By the way, the page layout of job listings on Voices.com is very easy to use.  Members can sort by close dates, by the job, or by project fee. With so many invitations to audition, being able to sort and prioritize each recording session was very useful. (When I was testing Voice123 I emailed them the recommendation to sort job listings by close date to no avail.) If Voices.com added a feature to also sort by the heard/liked icons, that would be very cool. Nothing like a bunch of “thumbs up” icons en masse to brighten your day!

Feeding, but not quite a Frenzy

During my 30 day trial of Voice123, I found that audition invitations were limited and often maxed-out within the hour. Jobs on Voices.com do not have limits on the number of auditions, so it is up to the talent to decide if he or she really wants to audition for a job that already has 80 or more proposals. Like all sites, auditions sometimes close early on Voices.com—a huge bummer to see the CLOSED status has changed to WORKING before you even had a chance!—but this does not happen so often as to be discouraging.

Also similar to other sites, sometimes jobs are awarded to others before your audition is ever reviewed. One approach is to be an early bird about submitting one’s audition. This doesn’t always work, though, because many clients will wait until the close date and listen to all auditions at once, in who knows what order. Another approach is to bid low if a budget range is provided. I tried both.

So, How Did I Do on Voices.com?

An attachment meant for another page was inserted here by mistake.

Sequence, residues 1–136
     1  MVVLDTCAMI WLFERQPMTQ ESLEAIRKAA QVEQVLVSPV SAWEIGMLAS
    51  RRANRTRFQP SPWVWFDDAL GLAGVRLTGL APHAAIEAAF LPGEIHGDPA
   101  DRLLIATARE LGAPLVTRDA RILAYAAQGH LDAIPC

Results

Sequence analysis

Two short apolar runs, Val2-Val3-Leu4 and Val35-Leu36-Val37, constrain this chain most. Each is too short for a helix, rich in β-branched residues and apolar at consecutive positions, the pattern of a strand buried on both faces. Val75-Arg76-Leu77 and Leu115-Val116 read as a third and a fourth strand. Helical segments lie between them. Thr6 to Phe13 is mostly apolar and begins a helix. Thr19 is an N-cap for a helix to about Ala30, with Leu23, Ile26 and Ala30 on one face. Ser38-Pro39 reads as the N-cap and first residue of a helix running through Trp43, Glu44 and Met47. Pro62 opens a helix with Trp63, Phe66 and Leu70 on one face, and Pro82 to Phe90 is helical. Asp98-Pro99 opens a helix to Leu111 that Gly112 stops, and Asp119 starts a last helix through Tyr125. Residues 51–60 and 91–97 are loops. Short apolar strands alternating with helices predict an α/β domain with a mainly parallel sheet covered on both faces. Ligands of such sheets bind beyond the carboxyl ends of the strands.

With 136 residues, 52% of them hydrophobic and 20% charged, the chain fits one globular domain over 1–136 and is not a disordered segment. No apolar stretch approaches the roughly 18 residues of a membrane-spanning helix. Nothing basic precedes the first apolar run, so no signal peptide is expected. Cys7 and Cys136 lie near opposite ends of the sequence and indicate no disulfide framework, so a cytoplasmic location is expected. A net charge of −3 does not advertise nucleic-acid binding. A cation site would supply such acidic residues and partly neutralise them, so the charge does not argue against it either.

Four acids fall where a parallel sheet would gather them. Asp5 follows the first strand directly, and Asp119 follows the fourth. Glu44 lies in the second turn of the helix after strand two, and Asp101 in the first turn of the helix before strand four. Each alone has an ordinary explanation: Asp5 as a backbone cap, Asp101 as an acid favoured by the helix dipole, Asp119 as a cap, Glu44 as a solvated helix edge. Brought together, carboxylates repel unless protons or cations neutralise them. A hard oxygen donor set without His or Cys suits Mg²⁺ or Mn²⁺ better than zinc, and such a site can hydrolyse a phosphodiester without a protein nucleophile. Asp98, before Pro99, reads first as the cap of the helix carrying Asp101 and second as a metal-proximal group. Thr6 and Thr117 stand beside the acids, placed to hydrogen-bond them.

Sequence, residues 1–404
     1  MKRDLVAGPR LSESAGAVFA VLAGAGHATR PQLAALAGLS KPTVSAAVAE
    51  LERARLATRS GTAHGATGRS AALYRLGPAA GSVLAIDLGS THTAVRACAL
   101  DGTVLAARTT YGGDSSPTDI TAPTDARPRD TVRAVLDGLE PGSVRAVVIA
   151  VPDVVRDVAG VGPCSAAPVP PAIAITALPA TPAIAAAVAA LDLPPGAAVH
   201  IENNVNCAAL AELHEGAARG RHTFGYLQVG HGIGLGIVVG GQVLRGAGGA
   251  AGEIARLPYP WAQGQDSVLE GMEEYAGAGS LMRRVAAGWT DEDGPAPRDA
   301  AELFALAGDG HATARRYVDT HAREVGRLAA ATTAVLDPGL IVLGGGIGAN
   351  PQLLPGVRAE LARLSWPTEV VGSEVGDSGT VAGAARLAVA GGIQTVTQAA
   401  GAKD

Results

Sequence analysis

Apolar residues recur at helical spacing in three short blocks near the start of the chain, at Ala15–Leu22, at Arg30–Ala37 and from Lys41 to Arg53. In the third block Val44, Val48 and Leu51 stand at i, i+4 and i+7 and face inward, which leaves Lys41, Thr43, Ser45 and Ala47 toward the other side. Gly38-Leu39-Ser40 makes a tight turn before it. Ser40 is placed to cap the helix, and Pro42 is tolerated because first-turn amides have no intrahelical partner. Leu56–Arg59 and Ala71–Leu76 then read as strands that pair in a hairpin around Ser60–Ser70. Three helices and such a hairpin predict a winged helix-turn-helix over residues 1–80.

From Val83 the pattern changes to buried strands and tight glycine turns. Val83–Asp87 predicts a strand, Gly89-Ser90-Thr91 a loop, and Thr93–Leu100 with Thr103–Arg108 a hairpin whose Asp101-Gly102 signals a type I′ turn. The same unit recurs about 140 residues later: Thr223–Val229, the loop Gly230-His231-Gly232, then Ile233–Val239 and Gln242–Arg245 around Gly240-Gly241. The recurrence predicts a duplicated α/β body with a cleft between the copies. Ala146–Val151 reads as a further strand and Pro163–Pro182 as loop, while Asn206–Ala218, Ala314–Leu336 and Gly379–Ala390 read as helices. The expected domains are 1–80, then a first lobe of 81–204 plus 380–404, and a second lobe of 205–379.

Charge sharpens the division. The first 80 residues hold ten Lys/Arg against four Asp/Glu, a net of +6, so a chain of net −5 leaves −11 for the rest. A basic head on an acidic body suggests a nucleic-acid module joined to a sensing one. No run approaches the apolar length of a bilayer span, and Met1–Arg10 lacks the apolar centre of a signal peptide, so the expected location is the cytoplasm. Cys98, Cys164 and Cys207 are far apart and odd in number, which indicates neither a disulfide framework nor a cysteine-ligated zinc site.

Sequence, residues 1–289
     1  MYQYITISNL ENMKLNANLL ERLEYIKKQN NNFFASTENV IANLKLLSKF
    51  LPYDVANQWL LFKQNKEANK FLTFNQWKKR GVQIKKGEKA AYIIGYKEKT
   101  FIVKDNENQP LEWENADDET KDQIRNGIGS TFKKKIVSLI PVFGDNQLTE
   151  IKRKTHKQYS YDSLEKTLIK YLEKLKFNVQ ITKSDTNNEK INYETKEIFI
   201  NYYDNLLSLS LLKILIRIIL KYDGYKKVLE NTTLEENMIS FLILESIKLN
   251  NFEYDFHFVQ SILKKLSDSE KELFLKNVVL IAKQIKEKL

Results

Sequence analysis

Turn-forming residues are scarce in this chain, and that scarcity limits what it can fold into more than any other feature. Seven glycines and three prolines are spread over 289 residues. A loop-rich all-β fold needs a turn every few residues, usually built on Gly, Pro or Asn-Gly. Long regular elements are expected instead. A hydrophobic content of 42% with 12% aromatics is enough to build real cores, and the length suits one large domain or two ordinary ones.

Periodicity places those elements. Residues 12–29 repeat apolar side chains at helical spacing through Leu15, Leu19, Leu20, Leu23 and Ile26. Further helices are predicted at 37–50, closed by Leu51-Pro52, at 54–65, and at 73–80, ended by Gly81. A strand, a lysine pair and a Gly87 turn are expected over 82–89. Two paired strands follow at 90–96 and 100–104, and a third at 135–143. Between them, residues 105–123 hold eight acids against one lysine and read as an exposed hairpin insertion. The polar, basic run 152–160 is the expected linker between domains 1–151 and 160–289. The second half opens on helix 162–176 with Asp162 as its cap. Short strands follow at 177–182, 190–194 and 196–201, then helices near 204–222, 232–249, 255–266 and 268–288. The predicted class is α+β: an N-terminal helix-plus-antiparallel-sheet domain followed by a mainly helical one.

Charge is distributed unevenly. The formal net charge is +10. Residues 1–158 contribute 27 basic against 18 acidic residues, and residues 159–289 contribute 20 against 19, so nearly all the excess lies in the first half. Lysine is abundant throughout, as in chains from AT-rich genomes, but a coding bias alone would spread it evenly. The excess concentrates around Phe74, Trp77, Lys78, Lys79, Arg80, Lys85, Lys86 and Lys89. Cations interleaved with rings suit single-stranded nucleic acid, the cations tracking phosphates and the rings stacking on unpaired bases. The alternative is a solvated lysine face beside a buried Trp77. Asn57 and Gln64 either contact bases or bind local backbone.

Time for numbers!

My test period on Voices.com was 46 days instead of the 30 days I tested Voice123, and for two reasons:

  1. I realized there was a lengthy lag between the job close date and when clients actually begin work on their project.
  2. Voices.com has a monthly fee option that allowed me to expand my test without signing up for an entire year.

I.E., My test on Voices.com was approximately 50% longer than my test on Voice123. If you are a math nerd like me and really want to compare apples to apples, multiply the below Voices.com stats by 50% and then compare them to the stats in my Voice123 post. 

Here are my approximate stats for 46 days on Voices.com.

Auditions invited to: 291

This is an average of 6.34 invitations to audition per day, which was my Voice123 weekly average, if I were lucky that week. As previously stated, all but one invitation I received was at least an 85% match to my profile. A few weeks into my test I revised my Voices.com profile a bit, but this had no obvious effect on the number of invites I received.